private static String dbName = "logs.db";
    private static final int dbVersion = 1;

    private final Context context;

    private DatabaseManager(@NonNull Context context) {
        super(context, dbName, null, dbVersio);
        this.context = context.getApplicationContext();//Saving as application context to avoid leaks
    }

    private static DatabaseManager instance;
    public static synchronized DatabaseManager getInstance(Context context) {
        if (instance == null) {
            instance = new DatabaseManager(context);
        }
        return instance;
    }

    @Override
    public void onCreate(SQLiteDatabase db) {
        //...
    }

    @Override
    public void onUpgrade(SQLiteDatabase db, int oldVersion, int newVersion) {
        //...
    }
}

Now, if my activity needs to modify both ‘Meals’ & ‘MealFoods’ tables I can construct the helpers in onCreate, such as:

public class AddFoodActivity extends AppCompatActivity{

    MealsDBHelper mealsDBHelper;
    MealFoodsDBHelper mealFoodsDBHelper;

    @Override
    protected void onCreate(Bundle savedInstanceState) {
        super.onCreate(savedInstanceState);
        setContentView(..);

        mealsDBHelper = new MealsDBHelper(this);
        mealFoodsDBHelper = new MealFoodsDBHelper(this);
    }

    //Then whenever I need to modify the table I use:
    mealsDBHelper.updateMealName(mealId, mealName);
}

What I like about this approach is that I can use a simple line to modify a table according to my needs,
& what I don’t like is that I need to define helper references for every activity, and it kind of makes the code inconsistent.

Basically are there any downsides for using one of the methods?

I’ll admit I did leave a big chunk of code out of this post, but its only because I think it won’t add a lot to your understanding of the problem, because its a more general one.

Thank you very much for any kind of help.

dnd 5e – Is a Wild Shaped druid effectively immune to the Detect Thoughts spell?

RAW, if a form’s Languages section is blank, that form is immune to detect thoughts.

This is the rules as written ruling. A druid wildshaped into a wolf cannot speak any languages, so detect thoughts does not apply, as detect thoughts says:

You can’t detect a creature with an Intelligence of 3 or lower or one that doesn’t speak any language.

As for telepathy, it probably depends on the wording of the particular feature granting telepathy. If I’m DMing, it doesn’t matter because…

Some beasts have a language, which may still protect them from detect thoughts.

For example, the Giant Elk:

Languages Giant Elk , understands Common, Elvish, and Sylvan but can’t speak them

So our druid uses Wildshape to become a Giant Elk. Now they can speak the Giant Elk language.

This means they can think in Giant Elk.

If the caster of detect thoughts does not themselves speak Giant Elk, then they wouldn’t be able to understand the thoughts of the druid.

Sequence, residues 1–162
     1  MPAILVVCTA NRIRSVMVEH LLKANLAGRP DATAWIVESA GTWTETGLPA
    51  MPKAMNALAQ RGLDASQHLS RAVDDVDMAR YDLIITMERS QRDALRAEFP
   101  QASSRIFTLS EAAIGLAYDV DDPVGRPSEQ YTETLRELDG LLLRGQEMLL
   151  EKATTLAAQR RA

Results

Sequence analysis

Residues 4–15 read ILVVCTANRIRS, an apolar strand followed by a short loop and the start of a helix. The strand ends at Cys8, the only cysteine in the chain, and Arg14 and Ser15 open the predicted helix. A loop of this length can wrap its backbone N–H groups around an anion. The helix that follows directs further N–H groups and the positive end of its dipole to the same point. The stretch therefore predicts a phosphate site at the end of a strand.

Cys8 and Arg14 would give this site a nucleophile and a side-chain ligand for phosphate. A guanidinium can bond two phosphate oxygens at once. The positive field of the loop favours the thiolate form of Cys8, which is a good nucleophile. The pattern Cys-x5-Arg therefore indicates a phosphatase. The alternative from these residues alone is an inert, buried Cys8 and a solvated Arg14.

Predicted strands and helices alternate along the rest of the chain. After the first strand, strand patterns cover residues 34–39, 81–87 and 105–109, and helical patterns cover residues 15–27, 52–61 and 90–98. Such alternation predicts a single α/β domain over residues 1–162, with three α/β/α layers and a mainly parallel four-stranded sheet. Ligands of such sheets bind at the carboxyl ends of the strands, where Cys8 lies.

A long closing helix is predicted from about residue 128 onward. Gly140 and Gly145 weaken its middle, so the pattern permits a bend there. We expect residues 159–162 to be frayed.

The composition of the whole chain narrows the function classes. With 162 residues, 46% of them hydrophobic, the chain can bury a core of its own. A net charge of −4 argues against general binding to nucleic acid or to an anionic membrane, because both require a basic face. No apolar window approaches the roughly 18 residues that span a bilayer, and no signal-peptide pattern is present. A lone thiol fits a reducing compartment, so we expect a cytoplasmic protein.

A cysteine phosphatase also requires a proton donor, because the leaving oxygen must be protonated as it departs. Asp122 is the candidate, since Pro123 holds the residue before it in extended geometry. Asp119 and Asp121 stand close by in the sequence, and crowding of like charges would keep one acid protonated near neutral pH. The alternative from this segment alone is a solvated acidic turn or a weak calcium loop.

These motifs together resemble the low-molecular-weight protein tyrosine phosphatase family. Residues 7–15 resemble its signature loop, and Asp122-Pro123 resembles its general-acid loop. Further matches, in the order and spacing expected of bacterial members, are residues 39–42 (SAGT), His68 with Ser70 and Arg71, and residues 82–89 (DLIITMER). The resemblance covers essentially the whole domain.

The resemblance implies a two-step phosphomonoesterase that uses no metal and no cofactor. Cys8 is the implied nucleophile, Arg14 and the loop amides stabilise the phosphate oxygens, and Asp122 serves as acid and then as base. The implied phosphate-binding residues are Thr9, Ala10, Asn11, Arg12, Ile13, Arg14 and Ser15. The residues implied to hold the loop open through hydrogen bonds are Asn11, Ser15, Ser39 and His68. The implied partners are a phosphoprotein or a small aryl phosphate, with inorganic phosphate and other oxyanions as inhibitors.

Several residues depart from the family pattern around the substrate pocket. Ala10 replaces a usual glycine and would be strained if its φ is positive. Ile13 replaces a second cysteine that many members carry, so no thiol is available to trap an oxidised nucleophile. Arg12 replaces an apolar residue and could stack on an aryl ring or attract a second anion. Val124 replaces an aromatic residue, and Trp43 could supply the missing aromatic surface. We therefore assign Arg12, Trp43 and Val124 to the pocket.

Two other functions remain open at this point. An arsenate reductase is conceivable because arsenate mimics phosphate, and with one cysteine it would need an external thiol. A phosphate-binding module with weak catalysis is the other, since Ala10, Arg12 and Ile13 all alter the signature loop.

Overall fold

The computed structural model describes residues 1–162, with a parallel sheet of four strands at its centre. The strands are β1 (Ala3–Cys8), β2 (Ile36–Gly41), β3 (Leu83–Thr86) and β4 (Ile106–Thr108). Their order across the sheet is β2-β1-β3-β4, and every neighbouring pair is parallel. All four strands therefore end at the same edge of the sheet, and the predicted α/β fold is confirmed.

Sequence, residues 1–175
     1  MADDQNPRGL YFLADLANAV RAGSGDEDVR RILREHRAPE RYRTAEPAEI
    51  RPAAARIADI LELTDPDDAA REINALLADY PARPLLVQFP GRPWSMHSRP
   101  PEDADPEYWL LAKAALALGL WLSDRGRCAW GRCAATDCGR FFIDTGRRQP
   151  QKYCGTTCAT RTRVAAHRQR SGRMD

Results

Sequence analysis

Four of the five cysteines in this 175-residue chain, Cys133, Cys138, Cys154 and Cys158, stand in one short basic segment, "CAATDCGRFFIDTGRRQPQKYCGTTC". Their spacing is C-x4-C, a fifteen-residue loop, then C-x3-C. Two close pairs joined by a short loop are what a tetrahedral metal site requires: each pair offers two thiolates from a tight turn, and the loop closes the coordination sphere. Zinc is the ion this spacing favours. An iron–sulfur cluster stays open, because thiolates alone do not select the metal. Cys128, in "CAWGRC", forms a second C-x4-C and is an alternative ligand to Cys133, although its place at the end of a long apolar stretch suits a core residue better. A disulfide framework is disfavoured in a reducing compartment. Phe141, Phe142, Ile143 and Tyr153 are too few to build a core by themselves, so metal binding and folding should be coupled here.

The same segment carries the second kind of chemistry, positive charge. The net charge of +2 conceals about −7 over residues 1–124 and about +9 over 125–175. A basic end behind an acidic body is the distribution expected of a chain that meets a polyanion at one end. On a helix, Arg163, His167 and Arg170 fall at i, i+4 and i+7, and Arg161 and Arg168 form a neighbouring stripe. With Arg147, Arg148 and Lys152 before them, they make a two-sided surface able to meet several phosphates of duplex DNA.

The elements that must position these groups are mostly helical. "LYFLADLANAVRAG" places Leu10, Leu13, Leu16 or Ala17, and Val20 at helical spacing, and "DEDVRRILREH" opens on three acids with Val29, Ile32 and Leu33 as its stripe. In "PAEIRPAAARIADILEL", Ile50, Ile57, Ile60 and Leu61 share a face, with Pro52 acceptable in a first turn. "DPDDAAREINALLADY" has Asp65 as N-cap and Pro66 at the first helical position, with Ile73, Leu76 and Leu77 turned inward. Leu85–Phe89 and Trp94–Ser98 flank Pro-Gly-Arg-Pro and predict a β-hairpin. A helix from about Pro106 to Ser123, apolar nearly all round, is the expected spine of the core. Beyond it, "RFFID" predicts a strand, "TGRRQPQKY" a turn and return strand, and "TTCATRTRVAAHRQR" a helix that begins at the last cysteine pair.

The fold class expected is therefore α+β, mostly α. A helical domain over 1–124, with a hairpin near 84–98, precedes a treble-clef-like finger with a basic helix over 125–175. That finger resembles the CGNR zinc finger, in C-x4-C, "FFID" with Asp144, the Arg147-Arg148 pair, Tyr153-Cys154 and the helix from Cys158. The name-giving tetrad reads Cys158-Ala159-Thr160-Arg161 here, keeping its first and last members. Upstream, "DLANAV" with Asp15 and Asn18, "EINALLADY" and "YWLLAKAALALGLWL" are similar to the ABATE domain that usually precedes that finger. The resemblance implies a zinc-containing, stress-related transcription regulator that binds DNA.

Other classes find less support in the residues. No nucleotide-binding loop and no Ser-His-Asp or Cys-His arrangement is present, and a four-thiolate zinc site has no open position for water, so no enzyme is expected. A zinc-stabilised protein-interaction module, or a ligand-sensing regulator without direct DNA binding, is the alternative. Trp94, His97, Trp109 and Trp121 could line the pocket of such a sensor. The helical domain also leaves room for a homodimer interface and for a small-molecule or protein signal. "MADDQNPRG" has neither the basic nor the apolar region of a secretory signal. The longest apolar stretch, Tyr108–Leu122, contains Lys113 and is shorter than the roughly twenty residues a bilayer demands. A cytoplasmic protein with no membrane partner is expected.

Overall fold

Of note, the answer in this Q&A argues to the contrary, so it would not be unreasonable for a DM to rule that thinking in Giant Elk doesn’t help.

I would rule that the druid is not immune to detect thoughts.

This is a situation where I would rule against the RAW ruling. Wildshape has this feature:

you retain your alignment, personality, and Intelligence, Wisdom, and Charisma scores.

Despite taking the form of a Beast, you retain all of your mental ability scores – you are still just as wise and intelligent as you were in your normal form. To me, this means that a druid wildshaped into a bear does not think like a bear, rather thinks just as they did in their normal form. I would rule that you still think in whatever language you usually think in, so are still vulnerable to detect thoughts (unless you think in a language the caster does not know).

differential equations – Step size is effectively zero

I’ve been trying to solve Bodewadt flow equations which is a system of differential equations.

F² – G² + HF’ – F”+1 = 0

2GF + HG’-G” = 0

2F + H’ = 0

Boundary conditions:

F(0)=G(0)=H(0)=0

F(∞)=0,G(∞)=1

I turned them into a system of first order ordinary differential equations where F=x;F’=y;G=z,G’=s and H=p. Thing is, I don’t have the derivatives F'(0) and G'(0) so I should make use of boundary conditions in infinite, instead, I use a sufficiently large number instead of infinite, aproximately “14” works fine.

sol = {x(t), y(t), z(t), s(t), p(t)} /.
NDSolve({x'(t) == y(t), y'(t) == x(t)^2 - z(t)^2 + s(t) y(t) + 1, 
s'(t) == 2 z(t) x(t) + p(t) s(t), z'(t) == s(t), p'(t) == -2 x(t),
 x(0) == 0, z(0) == 0, p(0) == 0, x(14) == 0, z(14) == 1}, {x, y, 
z, s, p}, {t, 0, 14})

The problem is that when I run the code I have the next problem:

NDSolve: At t == 3.4508216573870163`, step size is effectively zero; singularity or stiff system suspected.

I really am not acquainted with Mathematica, so I really don’t how to solve a system of ODEs with boundary conditions in infinite.

Thanks!